Modal Verbs for obligation/necessity


1. To help learners to understand the use of modal verbs for obligation/necessity.
2. For learners to be able to choose the right modal verbs to fill in the proper sentence.


1. Study through the content in this chapter.
2. Then, practice and do an exercise after the lesson.

Let’s get to know modal verbs!
Modal verbs function as the auxiliary verbs that mostly used to express the idea of obligation, permission, possibility and or requests.
Modal Verbs position before main verbs which is in a base form; Subject + Modal verbs + Main verbs in a base form.

There are two modal verbs used for obligation:

Must and Have to

Must is for simple present which usually shows general obligations or necessity or strong suggestions like in there examples:
1. You must take the medicine to get better by tomorrow.
2. You must take some rest and go to bed early tonight though.
3. You must see the doctor urgently if you feel worse.

Have to is not an actual modal verb, but it is used like a modal. It is used to express certainly, necessity, and obligation like in these examples:
1. In Thailand, people have to use Thai currency.
2. In France, you have to drive on the right side of the road.
3. In England, most schoolchildren have to ware a uniform.

the difference between 'Must' and 'Have to'

Let's take a look at these two examples first;
- I must stop talking class; otherwise, I will fail this course for sure. (It's my decision to stop talking during class)
- My teacher says that I have to stop talking while she teaching. (I have no choice. It's not my decision to stop talking during class)

We can see that they are used differently depending on who imposes the obligation.
The speaker thinks it is necessary. someone else thinks it is necessary.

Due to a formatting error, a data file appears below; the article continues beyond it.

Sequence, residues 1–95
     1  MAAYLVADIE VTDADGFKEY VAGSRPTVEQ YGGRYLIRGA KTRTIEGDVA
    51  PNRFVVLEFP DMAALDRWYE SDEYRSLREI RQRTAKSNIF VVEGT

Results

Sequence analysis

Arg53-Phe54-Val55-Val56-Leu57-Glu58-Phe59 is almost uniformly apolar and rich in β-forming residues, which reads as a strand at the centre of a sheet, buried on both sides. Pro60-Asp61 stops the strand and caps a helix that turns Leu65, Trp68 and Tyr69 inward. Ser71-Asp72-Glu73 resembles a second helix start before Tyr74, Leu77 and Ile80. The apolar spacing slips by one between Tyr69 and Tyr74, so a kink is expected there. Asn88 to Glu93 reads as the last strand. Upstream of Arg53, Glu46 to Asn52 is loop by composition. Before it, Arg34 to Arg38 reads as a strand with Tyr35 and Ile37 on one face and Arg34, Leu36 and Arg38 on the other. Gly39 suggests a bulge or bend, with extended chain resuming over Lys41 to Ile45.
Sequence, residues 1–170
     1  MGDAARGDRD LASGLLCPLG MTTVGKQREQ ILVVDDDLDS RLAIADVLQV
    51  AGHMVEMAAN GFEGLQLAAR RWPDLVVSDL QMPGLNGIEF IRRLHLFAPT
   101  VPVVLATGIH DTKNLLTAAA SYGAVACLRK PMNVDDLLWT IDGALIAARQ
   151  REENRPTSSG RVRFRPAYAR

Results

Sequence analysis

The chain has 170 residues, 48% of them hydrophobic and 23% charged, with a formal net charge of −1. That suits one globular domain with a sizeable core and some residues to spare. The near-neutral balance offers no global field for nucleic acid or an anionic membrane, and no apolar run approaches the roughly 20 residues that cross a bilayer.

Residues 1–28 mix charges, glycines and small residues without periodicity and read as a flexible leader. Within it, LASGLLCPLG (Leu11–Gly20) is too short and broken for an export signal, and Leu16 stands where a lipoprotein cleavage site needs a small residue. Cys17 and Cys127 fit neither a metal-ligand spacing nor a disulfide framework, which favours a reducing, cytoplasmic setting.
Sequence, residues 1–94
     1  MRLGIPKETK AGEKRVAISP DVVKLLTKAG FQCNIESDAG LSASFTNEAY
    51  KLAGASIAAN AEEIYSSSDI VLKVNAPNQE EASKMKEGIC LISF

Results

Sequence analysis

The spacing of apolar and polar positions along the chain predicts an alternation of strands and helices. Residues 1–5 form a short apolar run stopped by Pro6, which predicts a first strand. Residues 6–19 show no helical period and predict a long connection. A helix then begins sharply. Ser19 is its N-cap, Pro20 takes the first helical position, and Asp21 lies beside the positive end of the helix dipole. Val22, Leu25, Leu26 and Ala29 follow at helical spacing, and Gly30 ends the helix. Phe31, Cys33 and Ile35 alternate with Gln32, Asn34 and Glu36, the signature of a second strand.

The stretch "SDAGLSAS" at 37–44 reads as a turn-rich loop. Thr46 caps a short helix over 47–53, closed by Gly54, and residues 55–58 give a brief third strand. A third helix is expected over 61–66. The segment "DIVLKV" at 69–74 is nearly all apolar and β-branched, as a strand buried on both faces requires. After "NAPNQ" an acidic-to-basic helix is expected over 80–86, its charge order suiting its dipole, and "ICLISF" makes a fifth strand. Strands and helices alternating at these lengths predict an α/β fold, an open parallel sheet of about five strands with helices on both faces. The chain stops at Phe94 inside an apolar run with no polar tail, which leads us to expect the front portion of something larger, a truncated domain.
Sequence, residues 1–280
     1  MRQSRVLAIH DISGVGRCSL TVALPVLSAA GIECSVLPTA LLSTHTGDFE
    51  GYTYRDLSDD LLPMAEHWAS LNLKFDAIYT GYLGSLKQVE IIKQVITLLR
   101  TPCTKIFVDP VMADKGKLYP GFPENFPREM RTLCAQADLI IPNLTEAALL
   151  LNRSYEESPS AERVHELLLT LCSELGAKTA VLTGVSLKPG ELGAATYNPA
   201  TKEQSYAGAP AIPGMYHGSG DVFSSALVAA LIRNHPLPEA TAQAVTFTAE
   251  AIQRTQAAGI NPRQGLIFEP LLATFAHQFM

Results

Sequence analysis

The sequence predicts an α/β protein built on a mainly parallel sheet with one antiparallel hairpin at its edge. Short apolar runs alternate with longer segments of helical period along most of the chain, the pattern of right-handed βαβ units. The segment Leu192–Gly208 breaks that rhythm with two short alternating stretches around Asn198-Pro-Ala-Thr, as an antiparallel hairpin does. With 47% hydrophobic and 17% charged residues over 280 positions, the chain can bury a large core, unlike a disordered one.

For examples:
  1. Imust see doctor tomorrow. (It's my decision)
    I have to see doctor tomorrow.(I don't have a choice)
  2. Imust take 2 pills before having an operation. (It's my decision)
    I have to take 2 pills before having an operation.(I don't have a choice)
  3. Imust go to the hospital this afternoon. (It's my decision)
    I have to go to the hospital this afternoon.(I don't have a choice)
Must not/ Mustn't and Don't have to

Must not/ Mustn't is a negative obligation and shows something that is prohibited while 'Don't have to' shows something that is not necessary like in there examples:
  1. Youmustn't work today. (You can't work today)
    You don't have to work today.(working is not necessary)
  2. Youmustn'ttell the nurse. (It's important not to tell the nurse or don't tell the nurse)
    You don't have to tell the nurse.(You can tell the nurse if you like, but it isn't necessary)
  3. Theymustn't be loud in the hospital. (Being loud is prohibited)
    They don't have to be loud in the hospital.(They can be loud but it is not necessary)
Now that you have learned about obligation with modal verbs, are you ready for some exercise? Now choose the correct verbs for these sentences:

1. You ____ come to this room while they're having an important conference.

2. You ____ buy the train ticket because we can walk there.

3. The rules say that you ____ only invite one guest to the club

4. I ____ stay on for a few hours because I'd rather work late today than over the weekend

5. children ____ ho to school.